Stroke is the fifth leading cause of death in the United States and is often associated with advanced age, according to the American Stroke Association. As you might assume, most stroke victims are people age 65 and older, and the risk for stroke doubles every decade after age 55.
However, according to the Centers for Disease Control, of the more than 795,000 people in the United States who suffer strokes each year, 34% of people hospitalized for stroke were less than 65 years old. The American Stroke Association has found, “Despite a decline in the general population, stroke rates—and hospitalizations for it—have increased by more than 40% among younger adults in the past several decades.”
The driving force behind these rising rates is still largely unknown. However, some researchers have different theories. An analysis by Scientific American found that more young people who experienced strokes tended to live in the midwest or western part of the United States, and they also tended to live in urban areas.
A study published in Neurology found that people who suffer from migraines with aura, women who use estrogen-based birth control and those who use drugs recreationally are typically at a higher risk for strokes.
A 2011 study published in the Journal of Neurology found hypertension, high cholesterol and smoking are significant risk factors for strokes in young adults.
No matter the risk factor or cause, it should be noted that these younger groups of people have less awareness of stroke symptoms and how to recognize them in someone.
The American Stroke Association revealed, “Almost 30% of adults younger than 45 don’t know the five most common symptoms of a stroke.”
The study, published in the American Heart Association’s journal, Stroke, assessed the awareness of adults age 45 and younger of the five most common stroke symptoms and what to do when a stroke is suspected.
They found a third of respondents were not aware of all five symptoms and some respondents didn’t know a single symptom of stroke.
Knowledge is power and could mean the difference between full recovery or a lifetime of cognitive deficits when it comes to strokes. Understanding what causes a stroke and what its symptoms are is crucial to getting stroke sufferers the help they need.
“Think of a brain experiencing an acute ischemic stroke as a suffocating brain where seconds count,” Peach Robison, Davis Hospital and Medical Center‘s stroke coordinator said.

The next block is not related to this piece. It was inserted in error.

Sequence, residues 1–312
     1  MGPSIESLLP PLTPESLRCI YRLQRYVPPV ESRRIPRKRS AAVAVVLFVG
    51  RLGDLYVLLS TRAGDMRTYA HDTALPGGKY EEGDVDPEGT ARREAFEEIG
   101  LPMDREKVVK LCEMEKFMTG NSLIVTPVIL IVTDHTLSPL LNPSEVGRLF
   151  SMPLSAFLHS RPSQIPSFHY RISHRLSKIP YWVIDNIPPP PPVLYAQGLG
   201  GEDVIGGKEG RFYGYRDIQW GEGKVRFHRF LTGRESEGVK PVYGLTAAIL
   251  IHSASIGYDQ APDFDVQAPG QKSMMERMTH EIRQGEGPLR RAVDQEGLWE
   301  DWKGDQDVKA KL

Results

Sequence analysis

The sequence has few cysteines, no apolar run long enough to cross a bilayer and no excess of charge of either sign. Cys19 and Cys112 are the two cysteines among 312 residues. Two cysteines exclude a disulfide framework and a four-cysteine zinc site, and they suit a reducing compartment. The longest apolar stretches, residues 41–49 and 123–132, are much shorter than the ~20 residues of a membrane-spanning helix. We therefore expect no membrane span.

An ischemic stroke is one of three types of stroke a person can experience. About 87% of strokes are classified as ischemic strokes, which occur when a clot or another mass blocks a blood vessel which, in turn, cuts off blood flow to part of the brain.
“With each minute that passes, you lose about 2 million brain cells,” WebMD explains. “The longer you go without oxygen, the greater your chance for brain damage that can’t be undone. After about 10 minutes, the damage can be severe.”
Less common are hemorrhagic strokes, also known as bleeding strokes, which occur when a blood vessel in or near your brain bursts. The third stroke classification is a TIA (transient ischemic attack), also known as a mini-stroke. In a TIA, the blockage is temporary, but it is still considered a medical emergency.
“Symptoms will be exactly the same as a stroke and even though the symptoms resolve, the community should understand that approximately 15% of strokes are preceded by a TIA and people who experience a TIA are at a much higher risk to have an ischemic stroke within 90 days,” Dr. Komal Rastogi, Neurologist and Clinical Neurophyiologist, explained.
“The Stroke Team at Davis Hospital and Medical Center Primary Stroke Center will perform diagnostic studies to identify controllable risk factors and educate the patient on stroke prevention strategies.”
The acronym F.A.S.T. was developed to help people remember the symptoms of stroke. It stands for Face drooping, Arm weakness, Speech difficulty and Time to call 9-1-1. If you suspect you or a loved one is experiencing a stroke, it is crucial to call emergency services rather than attempt to drive to a hospital.
“Patients who receive Alteplase, a clot-busting drug, within 90 minutes of symptom onset are approximately three times more likely to recover with little or no disability,” said Rastogi.
“If the blockage occurs in one of the larger vessels of the brain, Davis Hospital and Medical Center is the only Thrombectomy capable facility in Davis County. We have specialized neurosurgeons available who are qualified to use a medical device called a stent retriever to pull out a clot if it is located in a large vessel in the brain,” Rastogi went on.
When minutes matter, Davis Hospital and Medical Center Primary Stroke Center is minutes away. For more information on stroke awareness and education, visit their website.
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